We know that the last presidential election was “won” by Donald Trump by under 80,000 votes across three states. We don’t even need to mention that Trump got far fewer votes than Hillary Clinton. Now I doubt that what was intended when the framers wrote the Constitution. Nevertheless, it was the Constitution that gave us the Electoral College that brought this minority monster to his present position. But it wasn’t only the Electoral College to blame — it was the inability of the people who are suffering the most to get out and vote. There is a move on now to bring civics education back into all school curricula. The idea is to emphasize that people have to vote. That’s not enough.
For many years, we have seen only about half the electorate get off their duffs and vote for president. That is disgraceful. I would posit that most of the folks who don’t exercise the franchise are the very people who need government to protect them and to assure them equality of opportunity. As Trump and his Republican colleagues strip Americans of their right to decent health care, Social Security, free school lunches and dinners for potentially starving children, and more, you might think that the people who need it the most would hustle to the polls.
When Barack Obama ran for president, many of the most historically disenfranchised did vote. Not all that many, mind you, but enough to bring Obama over the line. I think the fact that Obama was African American made a huge difference. It brought hope to a community that had little reason to think that things would ever change for them.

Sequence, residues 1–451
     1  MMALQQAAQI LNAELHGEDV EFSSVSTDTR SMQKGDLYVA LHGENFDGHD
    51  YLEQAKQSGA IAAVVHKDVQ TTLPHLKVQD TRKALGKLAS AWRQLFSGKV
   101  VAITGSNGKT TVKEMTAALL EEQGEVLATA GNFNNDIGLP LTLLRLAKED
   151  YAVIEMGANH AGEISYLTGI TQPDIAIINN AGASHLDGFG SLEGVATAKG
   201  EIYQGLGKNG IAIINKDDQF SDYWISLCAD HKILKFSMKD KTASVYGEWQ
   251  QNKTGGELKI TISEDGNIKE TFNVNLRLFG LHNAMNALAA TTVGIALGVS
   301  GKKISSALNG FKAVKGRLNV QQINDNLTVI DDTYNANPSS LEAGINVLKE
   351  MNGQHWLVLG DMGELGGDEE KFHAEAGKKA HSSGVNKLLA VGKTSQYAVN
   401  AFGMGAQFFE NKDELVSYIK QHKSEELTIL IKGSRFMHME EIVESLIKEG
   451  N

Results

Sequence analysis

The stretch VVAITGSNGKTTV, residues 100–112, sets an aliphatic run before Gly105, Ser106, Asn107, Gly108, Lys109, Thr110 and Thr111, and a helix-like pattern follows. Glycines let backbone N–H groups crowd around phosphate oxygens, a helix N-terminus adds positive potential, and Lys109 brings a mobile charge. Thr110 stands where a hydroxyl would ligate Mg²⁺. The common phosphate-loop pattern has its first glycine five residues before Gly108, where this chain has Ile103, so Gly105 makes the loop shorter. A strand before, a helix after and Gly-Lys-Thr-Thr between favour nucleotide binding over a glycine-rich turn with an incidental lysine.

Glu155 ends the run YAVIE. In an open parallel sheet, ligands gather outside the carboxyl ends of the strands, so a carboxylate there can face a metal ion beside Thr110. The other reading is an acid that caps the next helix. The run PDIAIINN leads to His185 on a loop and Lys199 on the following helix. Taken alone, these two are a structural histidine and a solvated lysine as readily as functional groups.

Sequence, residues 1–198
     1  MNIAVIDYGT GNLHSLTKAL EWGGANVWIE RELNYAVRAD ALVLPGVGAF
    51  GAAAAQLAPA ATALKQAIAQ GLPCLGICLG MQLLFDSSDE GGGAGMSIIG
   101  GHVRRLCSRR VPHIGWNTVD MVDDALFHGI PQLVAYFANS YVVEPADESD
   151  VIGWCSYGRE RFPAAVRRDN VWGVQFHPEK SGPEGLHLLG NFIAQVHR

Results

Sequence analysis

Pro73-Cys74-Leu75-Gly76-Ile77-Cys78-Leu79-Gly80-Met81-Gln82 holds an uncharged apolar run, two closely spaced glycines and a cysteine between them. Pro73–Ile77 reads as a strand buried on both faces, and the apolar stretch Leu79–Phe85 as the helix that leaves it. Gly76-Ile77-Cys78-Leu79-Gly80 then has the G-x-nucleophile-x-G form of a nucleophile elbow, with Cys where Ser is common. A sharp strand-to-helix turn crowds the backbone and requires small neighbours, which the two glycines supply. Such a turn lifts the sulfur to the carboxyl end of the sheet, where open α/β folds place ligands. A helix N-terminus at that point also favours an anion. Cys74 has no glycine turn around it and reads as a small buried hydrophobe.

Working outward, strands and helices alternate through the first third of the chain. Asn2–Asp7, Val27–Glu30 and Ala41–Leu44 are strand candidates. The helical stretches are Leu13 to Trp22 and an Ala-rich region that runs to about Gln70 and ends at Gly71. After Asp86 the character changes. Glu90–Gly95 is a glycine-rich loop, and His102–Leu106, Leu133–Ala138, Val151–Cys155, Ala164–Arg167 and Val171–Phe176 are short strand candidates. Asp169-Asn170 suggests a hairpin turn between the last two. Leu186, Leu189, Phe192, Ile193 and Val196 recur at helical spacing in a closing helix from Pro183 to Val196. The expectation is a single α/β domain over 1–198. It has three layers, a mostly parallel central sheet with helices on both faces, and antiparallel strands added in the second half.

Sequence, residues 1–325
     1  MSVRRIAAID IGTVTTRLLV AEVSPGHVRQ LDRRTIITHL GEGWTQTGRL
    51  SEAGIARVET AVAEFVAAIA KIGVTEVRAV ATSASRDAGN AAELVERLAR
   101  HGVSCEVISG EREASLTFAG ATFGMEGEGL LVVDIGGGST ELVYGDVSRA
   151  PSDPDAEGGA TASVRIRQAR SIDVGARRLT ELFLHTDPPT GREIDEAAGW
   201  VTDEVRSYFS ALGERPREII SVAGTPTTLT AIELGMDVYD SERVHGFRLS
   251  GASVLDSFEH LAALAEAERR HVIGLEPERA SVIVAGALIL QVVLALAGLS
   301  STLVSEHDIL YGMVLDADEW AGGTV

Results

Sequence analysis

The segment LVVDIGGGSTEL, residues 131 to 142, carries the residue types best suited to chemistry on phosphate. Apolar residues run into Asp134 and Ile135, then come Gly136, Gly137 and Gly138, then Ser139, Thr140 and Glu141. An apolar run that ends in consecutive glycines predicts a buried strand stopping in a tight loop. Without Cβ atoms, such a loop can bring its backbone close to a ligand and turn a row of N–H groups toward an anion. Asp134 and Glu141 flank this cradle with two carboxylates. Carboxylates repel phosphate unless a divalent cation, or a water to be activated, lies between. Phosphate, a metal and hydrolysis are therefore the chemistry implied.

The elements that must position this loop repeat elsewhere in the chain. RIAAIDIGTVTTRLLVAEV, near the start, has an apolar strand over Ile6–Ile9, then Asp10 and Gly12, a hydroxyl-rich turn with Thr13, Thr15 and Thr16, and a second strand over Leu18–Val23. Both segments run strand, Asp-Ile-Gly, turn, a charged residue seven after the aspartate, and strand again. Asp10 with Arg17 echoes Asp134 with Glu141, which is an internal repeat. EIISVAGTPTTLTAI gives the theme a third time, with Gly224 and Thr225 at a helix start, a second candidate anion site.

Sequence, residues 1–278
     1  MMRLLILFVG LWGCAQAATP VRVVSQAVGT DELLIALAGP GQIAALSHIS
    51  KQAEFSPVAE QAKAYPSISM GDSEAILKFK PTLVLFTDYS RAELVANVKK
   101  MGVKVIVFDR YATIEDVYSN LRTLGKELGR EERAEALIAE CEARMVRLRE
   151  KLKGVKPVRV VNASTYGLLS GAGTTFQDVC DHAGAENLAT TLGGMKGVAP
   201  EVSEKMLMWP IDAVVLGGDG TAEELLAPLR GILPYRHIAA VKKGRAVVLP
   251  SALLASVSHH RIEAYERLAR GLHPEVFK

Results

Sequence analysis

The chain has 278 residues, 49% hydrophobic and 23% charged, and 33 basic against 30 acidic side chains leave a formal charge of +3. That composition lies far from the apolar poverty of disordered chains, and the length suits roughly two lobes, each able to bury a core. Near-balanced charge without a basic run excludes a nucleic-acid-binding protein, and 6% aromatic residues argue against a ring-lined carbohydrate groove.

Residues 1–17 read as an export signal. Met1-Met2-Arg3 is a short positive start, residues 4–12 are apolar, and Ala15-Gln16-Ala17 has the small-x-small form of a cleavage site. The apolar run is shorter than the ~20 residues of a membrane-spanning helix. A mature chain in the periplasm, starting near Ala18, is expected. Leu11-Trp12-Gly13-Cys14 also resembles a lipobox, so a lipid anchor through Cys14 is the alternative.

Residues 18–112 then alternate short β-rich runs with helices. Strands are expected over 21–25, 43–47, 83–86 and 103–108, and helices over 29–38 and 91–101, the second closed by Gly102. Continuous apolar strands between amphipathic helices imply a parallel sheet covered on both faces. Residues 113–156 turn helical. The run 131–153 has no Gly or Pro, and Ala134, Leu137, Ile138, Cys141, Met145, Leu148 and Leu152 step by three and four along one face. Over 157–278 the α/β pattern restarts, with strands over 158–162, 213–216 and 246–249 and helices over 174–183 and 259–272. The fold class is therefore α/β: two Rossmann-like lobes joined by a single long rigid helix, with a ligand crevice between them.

If the Democrats are to win the next election, the political phenomenon that put Obama in the Oval Office will have to be replicated. I have been considering which candidate could make that happen and to me, there is one name that keeps on coming up: Deval Patrick, the former governor of Massachusetts. I have been privileged to know Patrick for several years. He is both smart and eloquent and he’s married to one of the most accomplished women I have ever met. But even better, he is a capitalist of the kind that those with the most can relate to. Since he left the governorship he has worked for Bain Capital. While some might hold that against him, I suspect it will be a tremendous asset to bringing in middle and upper class Democrats and even some Republicans.
For a Democrat to win in 2020, it will take more than just a good candidate. All those people who have been scared into depression by the current occupant of the White House will have to do things they haven’t even considered to assure the right outcome. They will, for example, have to figure how to use their telephones to call everyone they know in toss up states to try to convince them to vote. In many cases, people who talk the talk about how close this country is coming to a fascist like dictatorship will have to get to the toss up states to go door to door to tell the tale of Trump.
It won’t take all of the fifty percent who don’t vote to get to the polls. Even five or ten percent would mean a landslide. This democracy thing really isn’t a game – it’s deadly serious stuff and we can’t just sit out and observe from the sidelines. This is a time for commitment and real sacrifice. It really is now or never. It isn’t the teacher telling us in a boring class about the three branches of government. If we don’t want to lose it all we had better do the right thing and as my friend Stephen’s mom used to say, “He knows what the right thing is.” So do you.